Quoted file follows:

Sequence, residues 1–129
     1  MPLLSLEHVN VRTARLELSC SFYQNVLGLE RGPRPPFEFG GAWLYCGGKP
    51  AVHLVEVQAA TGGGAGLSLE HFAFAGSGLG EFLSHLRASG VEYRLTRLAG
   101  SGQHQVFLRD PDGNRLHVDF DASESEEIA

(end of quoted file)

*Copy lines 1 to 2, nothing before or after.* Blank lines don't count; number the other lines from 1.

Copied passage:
Sequence, residues 1–129
     1  MPLLSLEHVN VRTARLELSC SFYQNVLGLE RGPRPPFEFG GAWLYCGGKP